2018.8.17 Now Playing

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2018.8.17 Now Playing


Twenty Two (G)
Documentary / 98 / China / Aug. 14

During World War II, millions of women in Japanese-occupied countries, including China, Korea and the Philippines, were forced into prostitution by the Japanese military. In China alone, an estimated 200,000 women became sex slaves for the army.

This documentary, directed by Guo Ke, tells the stories of 22 Chinese women forced into servitude. At the time of its filming in 2015, these 22 women were the remaining survivors of Japan’s so-called comfort women system. Now, only six remain.

The documentary gives a face and name to these women who are now in their 80s and 90s. In their own voice, they offer detailed accounts of their suffering in Japanese camps. Torn from their families, they were constantly beaten, raped and tormented. Along with sharing their experiences of imprisonment, they also talk about being liberated and the lives they have lived.

The Witness (15)
Crime thriller / 111 / Korea / Aug. 15

Sang-hoon (Lee Sung-min) is a regular salaryman who lives with his wife Su-jin (Jin Kyung) and their daughter in a nondescript apartment complex. One early morning, he witnesses a murder from his balcony.

Sang-hoon immediately runs inside, turns off the lights and prepares to call the police, but he hesitates after he realizes the murderer (Kwak Si-yang) might have seen him. Outside, the suspect, Tae-ho, is counting the floors of the building to figure out where Sang-hoon lives.

The next day, police officers arrive to investigate the case and question witnesses. Out of fear, Sang-hoon doesn’t say a word. He notices Tae-ho constantly lingering around the apartment, so he plays along with the neighbors, who feign ignorance out of fear that their apartment’s value might go down.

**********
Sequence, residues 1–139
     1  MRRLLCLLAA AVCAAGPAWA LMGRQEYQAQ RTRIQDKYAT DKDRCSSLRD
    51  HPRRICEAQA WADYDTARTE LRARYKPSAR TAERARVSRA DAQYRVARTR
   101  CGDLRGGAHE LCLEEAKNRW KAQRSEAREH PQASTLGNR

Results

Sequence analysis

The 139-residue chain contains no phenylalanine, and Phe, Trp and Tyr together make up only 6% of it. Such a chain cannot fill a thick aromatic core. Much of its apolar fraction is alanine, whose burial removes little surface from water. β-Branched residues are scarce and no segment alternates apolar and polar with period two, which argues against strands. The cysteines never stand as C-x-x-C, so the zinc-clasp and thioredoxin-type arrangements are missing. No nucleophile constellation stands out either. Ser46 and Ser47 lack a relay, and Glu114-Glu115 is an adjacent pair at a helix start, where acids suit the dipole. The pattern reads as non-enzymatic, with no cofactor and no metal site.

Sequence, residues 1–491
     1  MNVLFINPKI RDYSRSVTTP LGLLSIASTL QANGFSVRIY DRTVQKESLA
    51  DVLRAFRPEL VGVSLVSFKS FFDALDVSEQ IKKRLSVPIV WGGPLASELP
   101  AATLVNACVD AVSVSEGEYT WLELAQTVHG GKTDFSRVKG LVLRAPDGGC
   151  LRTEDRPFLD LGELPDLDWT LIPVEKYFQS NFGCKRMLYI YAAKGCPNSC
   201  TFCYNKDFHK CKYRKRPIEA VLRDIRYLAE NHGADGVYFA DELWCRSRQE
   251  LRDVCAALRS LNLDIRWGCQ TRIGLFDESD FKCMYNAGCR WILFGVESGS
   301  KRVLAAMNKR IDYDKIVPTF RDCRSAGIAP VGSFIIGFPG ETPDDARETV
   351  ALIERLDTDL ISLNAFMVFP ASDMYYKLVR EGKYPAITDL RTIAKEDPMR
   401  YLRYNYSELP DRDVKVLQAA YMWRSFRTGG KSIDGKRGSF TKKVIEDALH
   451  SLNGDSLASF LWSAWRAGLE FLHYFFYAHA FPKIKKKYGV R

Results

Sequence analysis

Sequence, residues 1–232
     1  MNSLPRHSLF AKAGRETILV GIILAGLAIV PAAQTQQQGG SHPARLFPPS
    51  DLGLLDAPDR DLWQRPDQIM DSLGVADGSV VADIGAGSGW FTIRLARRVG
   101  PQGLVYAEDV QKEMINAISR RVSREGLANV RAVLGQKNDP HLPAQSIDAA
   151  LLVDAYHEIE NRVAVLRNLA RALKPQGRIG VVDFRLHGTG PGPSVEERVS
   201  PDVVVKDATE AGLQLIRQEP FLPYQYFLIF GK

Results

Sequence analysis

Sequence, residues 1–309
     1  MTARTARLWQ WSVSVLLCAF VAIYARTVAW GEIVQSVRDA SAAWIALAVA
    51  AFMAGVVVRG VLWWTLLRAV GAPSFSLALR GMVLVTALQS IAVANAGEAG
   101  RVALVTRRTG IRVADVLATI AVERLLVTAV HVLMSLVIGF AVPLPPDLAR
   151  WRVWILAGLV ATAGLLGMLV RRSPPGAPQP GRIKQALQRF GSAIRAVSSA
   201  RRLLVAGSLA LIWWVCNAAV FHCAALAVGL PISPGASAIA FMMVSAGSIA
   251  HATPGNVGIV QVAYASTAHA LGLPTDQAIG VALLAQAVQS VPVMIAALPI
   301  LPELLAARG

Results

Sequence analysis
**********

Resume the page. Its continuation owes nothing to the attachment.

Directed by Cho Kyu-jang, this crime thriller was inspired by the infamous 1964 murder of Kitty Genovese in New York, where 38 witnesses reportedly saw or heard the attack but did nothing.


The Meg (12)
Sci-fi / 113 / USA / Aug. 15

Five years ago, Capt. Jonas Taylor (Jason Statham) was on a mission to save a group of scientists trapped in a nuclear submarine in the Mariana Trench. While the team is rescuing the scientists, a mysterious creature starts attacking the submarine. Two of the crew are trapped inside the submarine. Left with a choice between saving them and endangering the rest of the group, Jonas is forced to abandon them. The decision scars Jonas forever, affecting his marriage and career.

In the present day, billionaire Jack Morris (Rainn Wilson) meets Dr. Minway Zhang (Winston Chao) at an underwater research facility. Zhang and his daughter Suyin (Bingbing Li), an oceanographer, are supervising a mission to explore the deepest depths of the Mariana Trench. Jonas’ ex-wife Lori (Jessica McNamee), Toshi (Masi Oka) and “The Wall” (Olafur Darri Olafsson) are part of the crew.

All seems to be going well until they are attacked by the same uninvited visitor that attacked Jonas’ crew five years earlier.

Directed by Jon Turteltaub, this sci-fi thriller is based on Steve Alten’s 1997 novel “Meg: A Novel of Deep Terror.” The film won the Golden Fleece at the 2018 Golden Trailer Awards.


Counters (15)
Documentary / 99 / Korea / Aug. 15

In Japan, ethnic Koreans, known as zainichi, have long been targets of racial discrimination and hate. For decades, a far-right organization called Jaitokai has been actively protesting the presence of Koreans in Japan.

To counter them, Takahashi, a former Yakuza, forms Otokogumi. The group interferes with Jaitokai whenever they hold a protest, leading to skirmishes between the two. Takahashi sincerely believes in his cause and finds the hate group’s treatment of zainichi shameful. Others deride him as a rabble-rouser.